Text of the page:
Moving From Unimportant to Important

from unimportant to important quadrantCreative Commons License In my last post, Moving From Urgent to Important, I made reference to a concept I first read about in Steven Covey’s book, 7 Habits of Highly Effective People. The concept is represented in the diagram below.

 

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The idea is to live as much as possible in the important-but-not-urgent Quadrant 2 (the shaded box above) where the focus is more on becoming rather than doing. In Moving From Urgent to Important, I addressed the idea of transferring as many activities as possible out of the urgent category into the not-urgent—namely, by overcoming a spirit of procrastination.

In this post, I want to look at the possibility of moving the unimportant activities in the lower two quadrants into the important category. Is it possible to transform web-surfing and chitty-chatty phone calls into activities of “importance”? Methinks maybe (I’ve always wanted to use “methinks” in my writing!).

Let me preface my theory with a little example from the fitness and running fields. To be an optimal runner, not only must you run consistently, but you must also schedule “recovery time” into your running routine. The same principle applies to strength training. You can’t work the same muscles day after day and expect to be your best. Rest time must be built in. All the fitness literature emphasizes this. The amount of recovery/rest time needed varies from individual to individual, but everyone must adhere to this rule of fitness to perform their best and to prevent injury from overuse.

Along these same lines, but more in the mental arena than the physical, I read Relax! You’ll Be More Productive in the New York Times. The author, Tony Schwartz, writes, “…the best way to get more done may be to spend more time doing less. A new and growing body of multidisciplinary research shows that strategic renewal — including daytime workouts, short afternoon naps, longer sleep hours, more time away from the office and longer, more frequent vacations — boosts productivity, job performance and, of course, health.” (This is a really good read with some practical ideas for implementation. I highly recommend!)

Now, having made the point about the necessity for rest and recovery in both the physical and mental arenas, let’s look at some of the items listed in the “unimportant” quadrants of the visual above. I really enjoy watching a good television show, catching up with friends on Facebook, web-surfing (reading my favorite blogs, doing a little research on something I’m thinking of buying, stumbling around on StumbleUpon, etc.), but if I were to start my day—or use my most productive hours—on activities like this, it would be a total waste of time—a real time suck! I so agree with Henry Ward Beecher who said, “The first hour is the rudder of the day.” It is absolutely crucial for me to start my day carefully, wisely, accurately, purposefully (Is that enough adverbs for you? I’m sure you get the point) and to use that start to create a momentum towards true productivity in the “important.”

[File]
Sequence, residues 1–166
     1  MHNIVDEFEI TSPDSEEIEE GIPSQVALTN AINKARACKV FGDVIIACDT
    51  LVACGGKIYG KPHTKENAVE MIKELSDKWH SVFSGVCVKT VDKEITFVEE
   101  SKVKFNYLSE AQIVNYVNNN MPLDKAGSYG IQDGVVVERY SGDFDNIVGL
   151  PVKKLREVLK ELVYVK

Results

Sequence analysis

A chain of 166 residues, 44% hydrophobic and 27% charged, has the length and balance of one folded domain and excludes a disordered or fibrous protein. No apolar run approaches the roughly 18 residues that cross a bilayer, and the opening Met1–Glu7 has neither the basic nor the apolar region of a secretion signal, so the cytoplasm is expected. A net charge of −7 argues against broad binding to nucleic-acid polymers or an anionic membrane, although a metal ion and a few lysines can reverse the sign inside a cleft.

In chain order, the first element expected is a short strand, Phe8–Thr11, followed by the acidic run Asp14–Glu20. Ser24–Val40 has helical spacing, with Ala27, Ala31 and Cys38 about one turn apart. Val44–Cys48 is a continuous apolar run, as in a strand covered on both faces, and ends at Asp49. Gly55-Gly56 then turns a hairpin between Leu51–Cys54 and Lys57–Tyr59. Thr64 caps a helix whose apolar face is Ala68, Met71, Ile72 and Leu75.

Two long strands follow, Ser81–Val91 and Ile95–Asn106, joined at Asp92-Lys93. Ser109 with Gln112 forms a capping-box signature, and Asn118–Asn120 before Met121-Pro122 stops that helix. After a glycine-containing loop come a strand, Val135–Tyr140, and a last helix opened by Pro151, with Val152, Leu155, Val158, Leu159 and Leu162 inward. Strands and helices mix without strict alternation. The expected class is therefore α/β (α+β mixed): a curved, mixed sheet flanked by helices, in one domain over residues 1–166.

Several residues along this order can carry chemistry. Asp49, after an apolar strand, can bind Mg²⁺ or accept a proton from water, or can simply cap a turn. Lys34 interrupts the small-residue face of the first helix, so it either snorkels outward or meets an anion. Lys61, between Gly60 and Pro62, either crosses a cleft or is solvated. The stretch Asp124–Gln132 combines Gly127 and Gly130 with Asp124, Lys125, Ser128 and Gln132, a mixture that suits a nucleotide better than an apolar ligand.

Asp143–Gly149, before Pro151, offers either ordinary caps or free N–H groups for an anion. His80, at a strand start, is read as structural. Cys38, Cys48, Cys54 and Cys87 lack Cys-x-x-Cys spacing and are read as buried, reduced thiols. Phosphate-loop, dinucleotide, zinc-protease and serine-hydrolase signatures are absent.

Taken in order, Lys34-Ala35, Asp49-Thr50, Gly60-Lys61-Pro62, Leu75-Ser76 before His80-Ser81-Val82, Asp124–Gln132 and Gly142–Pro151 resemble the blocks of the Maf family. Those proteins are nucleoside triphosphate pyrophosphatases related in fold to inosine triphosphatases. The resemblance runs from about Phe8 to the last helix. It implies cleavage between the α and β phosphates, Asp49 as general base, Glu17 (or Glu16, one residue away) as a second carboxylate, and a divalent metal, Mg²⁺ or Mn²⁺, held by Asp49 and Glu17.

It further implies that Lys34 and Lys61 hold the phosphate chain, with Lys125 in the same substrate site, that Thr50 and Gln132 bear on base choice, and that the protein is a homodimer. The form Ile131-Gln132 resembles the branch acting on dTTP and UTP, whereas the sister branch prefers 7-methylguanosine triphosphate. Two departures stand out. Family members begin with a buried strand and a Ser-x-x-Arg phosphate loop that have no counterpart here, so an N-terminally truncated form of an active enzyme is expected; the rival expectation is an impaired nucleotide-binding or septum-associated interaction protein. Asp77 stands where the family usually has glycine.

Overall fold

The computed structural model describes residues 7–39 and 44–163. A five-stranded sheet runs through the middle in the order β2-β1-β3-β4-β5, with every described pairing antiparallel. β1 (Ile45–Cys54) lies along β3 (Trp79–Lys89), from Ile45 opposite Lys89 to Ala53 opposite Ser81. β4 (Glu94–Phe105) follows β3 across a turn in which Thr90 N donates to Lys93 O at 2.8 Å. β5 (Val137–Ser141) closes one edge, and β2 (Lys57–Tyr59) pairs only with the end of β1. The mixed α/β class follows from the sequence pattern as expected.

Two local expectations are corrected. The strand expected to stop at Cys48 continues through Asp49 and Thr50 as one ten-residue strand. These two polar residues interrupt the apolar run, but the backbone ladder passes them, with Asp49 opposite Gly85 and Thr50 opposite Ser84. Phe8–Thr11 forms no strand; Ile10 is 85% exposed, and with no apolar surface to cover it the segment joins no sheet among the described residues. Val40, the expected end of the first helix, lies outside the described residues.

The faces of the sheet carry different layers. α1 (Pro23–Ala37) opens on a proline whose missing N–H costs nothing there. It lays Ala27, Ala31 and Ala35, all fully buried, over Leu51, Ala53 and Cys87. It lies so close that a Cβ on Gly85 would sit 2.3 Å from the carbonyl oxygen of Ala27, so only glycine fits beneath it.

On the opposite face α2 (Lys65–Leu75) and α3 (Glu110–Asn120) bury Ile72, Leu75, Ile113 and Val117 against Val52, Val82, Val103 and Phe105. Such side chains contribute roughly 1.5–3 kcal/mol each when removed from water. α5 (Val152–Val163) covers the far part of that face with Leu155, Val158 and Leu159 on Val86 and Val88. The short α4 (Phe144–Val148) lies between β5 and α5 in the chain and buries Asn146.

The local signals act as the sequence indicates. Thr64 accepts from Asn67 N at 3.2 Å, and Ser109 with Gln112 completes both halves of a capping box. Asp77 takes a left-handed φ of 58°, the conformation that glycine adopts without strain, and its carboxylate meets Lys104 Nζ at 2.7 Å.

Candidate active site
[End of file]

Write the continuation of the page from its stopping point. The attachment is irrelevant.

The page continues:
However, at the end of the day when my brain cells are rebelling, or even in the middle of the day—maybe while I am having lunch by myself—or in those sluggish afternoon hours when I am starting to fade, that is a great time for me to “recover” and do all the ‘unimportant’ activities I noted above. When these items become purposeful—by helping me relax and recover—they are magically shifted from the unimportant to the important quadrants. The secret is to use them as a recovery tool to refresh me and to not let them steal the rest of my day.

Living in the important quadrants doesn’t mean “all work and no play,” because in the right context, at the right times, “play” is important. In fact, fun that is purposeful, is more fun—because it does not come at the sacrifice of those things more important. It’s kind of like having your cake and eating it, too!

It is all about timing. Don’t give the best part of your day (the Bible calls this the “firstfruits”) to mundane, frivolous activities. Save those for recovery time and so REDEEM them into activities that can actually serve a positive purpose.

Your thoughts? Do you agree that some time-sucks can be redeemed into purposeful tools? Do you agree that the first hour is the rudder of the day?

Photo compliments of Jesslee Cuizon via Compfight

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2 Responses to Moving From Unimportant to Important

  1. Gordon says:

    Hi Diane! I read (and copied) that Tony Schwartz article myself. Thanks for the reminder and elaboration. 🙂

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